- A modular design. Since it’s almost impossible to simply “rip-and-replace” everything at once, comprehensive endpoint security suites must be designed so they can be consumed in digestible chunks while providing an upgrade path for additional modules over time. This will allow enterprise organizations to start by addressing their biggest pain-points and progress from there.
- Strong ties with identity management. To enforce security policies, individual devices must be equated with individuals AND offer strong authentication credentials of their own. To make this happen, endpoint security suites would likely interoperate with Active Directory and/or cloud-based IAM services and include device identity capabilities using TPM chips, X.509 certificates, or support for the FIDO specification.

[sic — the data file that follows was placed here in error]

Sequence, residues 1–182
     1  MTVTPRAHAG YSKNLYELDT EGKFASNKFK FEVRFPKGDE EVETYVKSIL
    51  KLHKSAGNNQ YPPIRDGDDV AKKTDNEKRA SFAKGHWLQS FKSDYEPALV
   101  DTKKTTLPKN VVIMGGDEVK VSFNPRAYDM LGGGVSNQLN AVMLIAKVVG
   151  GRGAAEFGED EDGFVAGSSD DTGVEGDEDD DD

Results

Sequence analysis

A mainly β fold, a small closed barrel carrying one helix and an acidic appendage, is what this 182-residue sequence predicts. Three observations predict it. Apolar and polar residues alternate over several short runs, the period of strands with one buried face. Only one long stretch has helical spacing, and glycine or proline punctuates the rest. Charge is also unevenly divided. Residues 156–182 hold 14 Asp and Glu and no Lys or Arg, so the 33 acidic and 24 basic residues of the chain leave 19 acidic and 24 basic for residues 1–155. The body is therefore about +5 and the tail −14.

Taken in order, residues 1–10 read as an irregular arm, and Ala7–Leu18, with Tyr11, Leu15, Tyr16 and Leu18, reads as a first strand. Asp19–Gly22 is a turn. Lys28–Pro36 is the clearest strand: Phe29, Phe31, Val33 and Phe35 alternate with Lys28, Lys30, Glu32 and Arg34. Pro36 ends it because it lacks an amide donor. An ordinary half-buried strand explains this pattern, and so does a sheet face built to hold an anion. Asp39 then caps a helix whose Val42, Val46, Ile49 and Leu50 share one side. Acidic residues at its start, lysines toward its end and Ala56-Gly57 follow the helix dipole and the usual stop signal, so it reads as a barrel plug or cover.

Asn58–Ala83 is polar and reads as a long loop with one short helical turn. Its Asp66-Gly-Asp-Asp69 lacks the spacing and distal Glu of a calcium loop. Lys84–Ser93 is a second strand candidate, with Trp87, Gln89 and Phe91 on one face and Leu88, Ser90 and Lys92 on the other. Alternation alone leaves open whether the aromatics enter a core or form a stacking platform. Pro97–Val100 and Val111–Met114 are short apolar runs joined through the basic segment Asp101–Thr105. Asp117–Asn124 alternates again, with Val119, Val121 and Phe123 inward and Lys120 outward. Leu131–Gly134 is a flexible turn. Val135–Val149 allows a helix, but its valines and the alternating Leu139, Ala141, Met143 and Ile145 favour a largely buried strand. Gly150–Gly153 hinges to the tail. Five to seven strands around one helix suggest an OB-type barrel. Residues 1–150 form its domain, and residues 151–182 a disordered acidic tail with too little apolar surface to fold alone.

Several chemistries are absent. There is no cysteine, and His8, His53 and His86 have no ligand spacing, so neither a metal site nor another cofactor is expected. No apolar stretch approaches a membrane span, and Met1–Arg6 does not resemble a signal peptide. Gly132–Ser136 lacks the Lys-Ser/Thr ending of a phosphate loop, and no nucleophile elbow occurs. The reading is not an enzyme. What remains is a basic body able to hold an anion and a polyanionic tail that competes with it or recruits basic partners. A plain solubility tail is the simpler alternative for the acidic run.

- On-board intelligence. I know I’m reaching for the moon here but it would be nice if endpoint security suites could learn about device functionality and behavior and then apply the right security controls automatically. For example, endpoint security would understand that an endpoint acting as a POS device would benefit from application controls and specific firewall settings and then apply these controls without human intervention.
Even in the best of circumstances, my endpoint security suite nirvana would be a strategic initiative that would likely take a few years to roll out. Given this, endpoint security suite vendors would need an enterprise-class sales force that can sell strategic solutions to “C-level” executives, and professional services to help organizations deploy these super endpoint security suites in phases over time.